Most historians agree that the Maroon Society created the political opportunities that the PRE took advantage of. The Maroon Societies devastating campaign of industrial sabotage, agit-prop campaigns, and prison/detention center breaks deeply unsettled the Ryan Regime and prevented them from ever consolidating power. The Maroon Societies “Rainbow Coalition” also counter recruited so effectively that White Supremacist organizations that were so powerful during the Unending March were marginal just six years later. For more on the Maroon Society visit “The Second American Revolution.”

 

 

General Strikes

 

The beginning of the end of the Enlightened Retreat was the general strike of the defense industry in 2021. Most scholars agree that the general strikes helped set the ground work for the PRE. The strike was organized by collaboration between the East Coast chapters of the Black Lives Matter [BLM] Network who partnered with International Workers of the World [IWW] across the country. While most historians agree that the general strike only effected a handful of factories and did not significantly threaten the war effort they also agree that it was a major symbolic victory.

It showed the maturation of the fight for racial justice with one the first major multi-racial attacks against racialized capitalism and imperialism. It also gave an example of effective organizing to all the networks of mutual aid that had been building over the last 3 years.

The subsequent trial of the BLM leaders was meant to instill fear in other dissidents. The leaders of the campaign were pulled from their houses at night and brutally detained. The police feared brutality against young white people would back fire against the state, especially considering that the IWW had their largest presence on elite college campuses that were doing Department of Defense research. Thus they rounded up the white IWW organizers gently and in secret. This tactic actually backfired as it showed blatant racism and racial disparities of policing as well as deep class differences.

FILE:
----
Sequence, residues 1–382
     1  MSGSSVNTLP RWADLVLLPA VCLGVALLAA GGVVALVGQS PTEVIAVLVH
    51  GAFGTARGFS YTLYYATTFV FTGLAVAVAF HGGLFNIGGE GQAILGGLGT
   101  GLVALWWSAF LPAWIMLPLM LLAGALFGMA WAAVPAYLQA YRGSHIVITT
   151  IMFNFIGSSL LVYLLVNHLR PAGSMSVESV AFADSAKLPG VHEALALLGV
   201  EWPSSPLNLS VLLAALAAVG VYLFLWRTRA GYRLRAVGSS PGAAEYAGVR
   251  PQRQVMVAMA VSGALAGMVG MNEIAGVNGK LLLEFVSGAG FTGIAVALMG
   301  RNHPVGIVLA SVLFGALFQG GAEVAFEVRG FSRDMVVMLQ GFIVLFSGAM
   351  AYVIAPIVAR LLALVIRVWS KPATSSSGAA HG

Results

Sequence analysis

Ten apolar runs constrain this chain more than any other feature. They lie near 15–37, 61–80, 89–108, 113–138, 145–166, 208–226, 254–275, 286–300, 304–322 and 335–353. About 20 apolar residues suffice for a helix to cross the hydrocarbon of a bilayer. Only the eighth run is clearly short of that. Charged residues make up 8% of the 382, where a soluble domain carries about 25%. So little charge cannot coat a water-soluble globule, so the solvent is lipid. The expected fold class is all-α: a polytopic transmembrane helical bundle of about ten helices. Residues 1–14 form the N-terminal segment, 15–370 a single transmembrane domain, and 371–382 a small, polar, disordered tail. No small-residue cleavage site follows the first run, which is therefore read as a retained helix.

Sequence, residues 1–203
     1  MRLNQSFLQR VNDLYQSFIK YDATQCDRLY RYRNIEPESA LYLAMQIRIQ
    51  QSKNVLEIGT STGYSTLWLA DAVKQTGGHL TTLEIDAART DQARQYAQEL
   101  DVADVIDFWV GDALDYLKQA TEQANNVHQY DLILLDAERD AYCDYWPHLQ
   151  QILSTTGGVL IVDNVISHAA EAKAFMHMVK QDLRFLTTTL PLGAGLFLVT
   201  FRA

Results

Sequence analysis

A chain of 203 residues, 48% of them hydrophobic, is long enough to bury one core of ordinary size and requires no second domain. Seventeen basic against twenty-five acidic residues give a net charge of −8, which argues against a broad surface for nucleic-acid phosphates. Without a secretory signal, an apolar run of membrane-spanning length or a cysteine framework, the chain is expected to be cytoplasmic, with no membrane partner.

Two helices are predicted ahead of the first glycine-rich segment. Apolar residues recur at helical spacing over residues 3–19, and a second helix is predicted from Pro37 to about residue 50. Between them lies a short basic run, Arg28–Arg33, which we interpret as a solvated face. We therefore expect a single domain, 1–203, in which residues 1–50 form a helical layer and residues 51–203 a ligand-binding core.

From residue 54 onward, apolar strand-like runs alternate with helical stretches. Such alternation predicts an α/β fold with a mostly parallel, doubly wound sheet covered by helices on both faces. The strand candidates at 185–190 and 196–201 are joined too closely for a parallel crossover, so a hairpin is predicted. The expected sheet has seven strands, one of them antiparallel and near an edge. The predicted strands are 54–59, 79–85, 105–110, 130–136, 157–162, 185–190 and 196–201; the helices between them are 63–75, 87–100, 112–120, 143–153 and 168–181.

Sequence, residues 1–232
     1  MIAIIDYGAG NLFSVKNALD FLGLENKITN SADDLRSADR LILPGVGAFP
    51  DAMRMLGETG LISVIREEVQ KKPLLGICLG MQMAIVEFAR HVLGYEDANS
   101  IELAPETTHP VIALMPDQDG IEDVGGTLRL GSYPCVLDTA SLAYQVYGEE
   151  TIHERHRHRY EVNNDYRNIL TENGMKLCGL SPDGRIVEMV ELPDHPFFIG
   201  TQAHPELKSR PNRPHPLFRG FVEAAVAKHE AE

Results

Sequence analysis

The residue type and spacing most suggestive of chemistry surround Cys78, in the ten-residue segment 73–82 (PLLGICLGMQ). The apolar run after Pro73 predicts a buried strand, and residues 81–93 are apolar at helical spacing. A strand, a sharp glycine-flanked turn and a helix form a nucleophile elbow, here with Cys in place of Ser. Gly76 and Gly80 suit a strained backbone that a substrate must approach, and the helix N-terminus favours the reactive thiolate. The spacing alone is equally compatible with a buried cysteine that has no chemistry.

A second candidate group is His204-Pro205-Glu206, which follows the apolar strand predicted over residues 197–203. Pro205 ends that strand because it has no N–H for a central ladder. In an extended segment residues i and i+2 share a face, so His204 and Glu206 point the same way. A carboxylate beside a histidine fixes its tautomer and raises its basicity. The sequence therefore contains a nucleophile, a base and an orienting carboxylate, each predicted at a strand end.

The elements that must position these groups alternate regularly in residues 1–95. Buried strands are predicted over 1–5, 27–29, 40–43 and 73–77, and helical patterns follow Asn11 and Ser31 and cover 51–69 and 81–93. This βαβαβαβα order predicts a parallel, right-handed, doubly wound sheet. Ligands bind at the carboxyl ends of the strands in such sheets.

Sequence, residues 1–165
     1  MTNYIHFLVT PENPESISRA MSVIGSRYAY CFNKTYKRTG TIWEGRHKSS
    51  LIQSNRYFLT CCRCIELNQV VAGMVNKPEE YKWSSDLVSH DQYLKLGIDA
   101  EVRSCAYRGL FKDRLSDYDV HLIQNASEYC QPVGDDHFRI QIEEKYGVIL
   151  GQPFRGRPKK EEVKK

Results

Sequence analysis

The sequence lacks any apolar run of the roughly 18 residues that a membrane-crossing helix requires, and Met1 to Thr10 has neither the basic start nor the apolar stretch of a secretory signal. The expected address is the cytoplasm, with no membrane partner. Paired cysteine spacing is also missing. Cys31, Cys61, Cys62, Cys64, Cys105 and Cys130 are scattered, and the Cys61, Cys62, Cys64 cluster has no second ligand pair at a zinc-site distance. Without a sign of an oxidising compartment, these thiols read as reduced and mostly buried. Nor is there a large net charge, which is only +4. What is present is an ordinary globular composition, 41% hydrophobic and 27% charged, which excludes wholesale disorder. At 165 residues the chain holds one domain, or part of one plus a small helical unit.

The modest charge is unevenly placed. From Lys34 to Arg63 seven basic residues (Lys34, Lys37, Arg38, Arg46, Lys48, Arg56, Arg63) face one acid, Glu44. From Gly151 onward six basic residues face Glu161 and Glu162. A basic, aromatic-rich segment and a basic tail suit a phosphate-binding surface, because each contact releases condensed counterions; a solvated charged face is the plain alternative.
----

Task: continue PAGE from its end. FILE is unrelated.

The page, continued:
Attorney General Rudolf [Ruddy] Giuliani charged the organizers with treason, a tactic that was meant to scare off further organizing but seemed more like government overreach as the penalty for treason was death. The trial was the most watched television event of the century and rather than discourage protests it inspired them across the country. The BLM leaders who were sentenced to life in prison all became leaders in the Maroon Society after their storied prison break in 2022.

As dead American men and women returned home from WW3, the organizing within the defense industry got more and more wide spread. After Teen Vogue released an exposé on the U.S government’s use of South African contract killers in the oil fields of Nigeria, public opinion turned against the war sharply. Despite the motion to bring back the draft failing in the house, the U.S saw anti-war protests that far outstripped the Vietnam era.

The speakeasies of the enlightened retreat planned strikes and rallies just as they had the rolling black outs. They sent messages through the farmer’s marches and during concerts. In later years, PRE workers organized churches to created packed lunch services for the workers on Easter Sunday and placed pamphlets that said “The lord commanded ‘thou shalt not kill’ don’t do the devils work for him. Strike for Peace and God on May 1st.”

Many PRE chapters sprung up in response to these mobilizations after the D.C PRE merged the analysis of the party with their own mass organizing trainings in 2023. The synergy of the PRE guiding principles with the DAT analysis that had gained popularity during the Enlightened Retreat allowed for thousands of activists to learn how to effectively organize and build political, economic and cultural power.

This allowed for distributed organizing on a massive scale as each city ran its own team of organizers coordinating thousands of volunteers also running their own campaigns. After three consecutive years of month long general strikes in the month of May, it was estimated that 35% of the industries workers took part and the United States signed the Beijing Accords ending WW3 in 2025.